By Jan Kohout in Noumea
There have been mixed opinions from New Caledonia’s communities after the third and final referendum returned a 96 percent vote against independence.
While anti-independence parties welcomed the victory, the pro-independence Kanak side refuse to recognise the result.
The turnout of potential voters was especially low among the Kanak community because most Kanaks abstained from the voting process.
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In the two previous referendums before the boycott — in 2018 and 2020 — the result was very close with the pro-independence vote rising.
Turnout at this year’s referendum was estimated at only 43.87 percent of the eligible electorate, compared to 85.69 percent in the 2020 plebiscite.
Aile Tikoure, an activist from the pro-independence Palika Party, says many Kanaks boycotted the referendum because France refused to postpone it until next year, despite the covid pandemic.
“No, no I haven’t voted. Instructions were clear from the party, I didn’t vote,” he says.
“I don’t consider this as an act of war. The government didn’t speak to the Kanaks — that is no respect for our fight.
“They still haven’t understood us after 30 years of dialogue that this country would be nothing without us. They want to do this without us. It’s an insult. We feel left out from any political discussion.”
Boycott was ‘a victory’
Another pro-independence activist, Florenda Nirikani, says the boycott was a victory.
“I would say it’s a victory from the performance of our Kanak community and a good performance — the word has been followed at 56 percent,” she says.
“Now that victory is over we are at a stage where people are asking what do we do now?
“We are at a stage of questioning. Two days after the referendum there a lot of people that ask me well what do we do now. We were prepared for the 97 percent that said no.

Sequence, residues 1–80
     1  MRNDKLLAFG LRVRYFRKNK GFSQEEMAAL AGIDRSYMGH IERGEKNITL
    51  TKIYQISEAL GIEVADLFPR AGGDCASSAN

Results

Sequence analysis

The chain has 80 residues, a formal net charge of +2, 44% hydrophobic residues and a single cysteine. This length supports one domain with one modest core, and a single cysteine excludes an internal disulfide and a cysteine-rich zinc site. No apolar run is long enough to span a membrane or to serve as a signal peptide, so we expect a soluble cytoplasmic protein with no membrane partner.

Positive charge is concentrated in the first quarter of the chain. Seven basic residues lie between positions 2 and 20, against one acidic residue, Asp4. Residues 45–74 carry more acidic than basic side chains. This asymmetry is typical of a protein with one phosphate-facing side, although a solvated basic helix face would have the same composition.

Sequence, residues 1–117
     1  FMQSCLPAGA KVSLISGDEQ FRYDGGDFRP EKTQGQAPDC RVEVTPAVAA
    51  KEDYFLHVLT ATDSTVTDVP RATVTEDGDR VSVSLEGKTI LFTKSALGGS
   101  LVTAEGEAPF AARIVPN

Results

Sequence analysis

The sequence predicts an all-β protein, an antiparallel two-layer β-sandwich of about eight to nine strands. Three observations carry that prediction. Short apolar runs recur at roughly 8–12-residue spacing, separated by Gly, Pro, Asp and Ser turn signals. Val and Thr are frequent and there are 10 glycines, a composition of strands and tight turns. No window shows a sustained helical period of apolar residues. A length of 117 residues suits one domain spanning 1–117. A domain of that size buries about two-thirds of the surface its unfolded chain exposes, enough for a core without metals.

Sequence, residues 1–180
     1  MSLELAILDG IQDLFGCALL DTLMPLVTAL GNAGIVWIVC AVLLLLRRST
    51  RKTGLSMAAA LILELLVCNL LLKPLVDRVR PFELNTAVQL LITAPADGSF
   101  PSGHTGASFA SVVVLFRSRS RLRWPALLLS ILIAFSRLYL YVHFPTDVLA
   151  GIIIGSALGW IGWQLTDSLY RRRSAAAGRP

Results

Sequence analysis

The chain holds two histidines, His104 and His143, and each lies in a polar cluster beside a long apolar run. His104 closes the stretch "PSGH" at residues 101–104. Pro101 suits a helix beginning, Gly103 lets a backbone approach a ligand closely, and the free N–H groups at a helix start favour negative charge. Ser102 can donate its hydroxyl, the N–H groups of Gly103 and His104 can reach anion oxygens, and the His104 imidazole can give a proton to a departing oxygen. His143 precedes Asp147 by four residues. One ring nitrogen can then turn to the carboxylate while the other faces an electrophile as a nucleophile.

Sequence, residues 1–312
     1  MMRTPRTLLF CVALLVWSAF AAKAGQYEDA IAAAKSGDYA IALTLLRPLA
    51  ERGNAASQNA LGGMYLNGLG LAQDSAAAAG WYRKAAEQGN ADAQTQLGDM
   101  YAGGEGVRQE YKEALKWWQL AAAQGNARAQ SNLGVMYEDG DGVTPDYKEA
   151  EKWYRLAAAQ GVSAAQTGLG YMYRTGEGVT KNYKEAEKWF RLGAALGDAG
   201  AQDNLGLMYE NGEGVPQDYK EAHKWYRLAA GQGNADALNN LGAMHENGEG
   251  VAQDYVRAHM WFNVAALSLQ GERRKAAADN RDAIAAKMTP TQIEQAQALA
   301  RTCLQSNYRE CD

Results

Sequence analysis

“We are here to say we Kanaks are proud that the level of absence in the referendum was a good victory.”
Florenda Nirikani does not expect to see violence as a result of the referendum result.
However, pro-independence activists have made it clear that there will be no negotiating with the current Macron government. The French presidential elections are due in April.
No talking to French officials
“No, things have stayed calm and I don’t think we will see violence. However, in the days or the weeks to come there will be some questioning from the activists.
“There has been a word out not to talk to a single French government official so negotiations will not happen between Kanaks and the current French government.
“[French Overseas Minister Sebastien] Lecornu [has been] here in New Caledonia last week. The customary Senate has refused to meet with him and some customary officials have boycotted meetings.
“The position expressed is that no Kanak represententatives will meet with the current government,” Nirikani says.
Negotiations between the Kanaks and French state are not expected to resume before next year’s French presidential election.
This article is republished under a community partnership agreement with RNZ.
This content originally appeared on Asia Pacific Report and was authored by APR editor.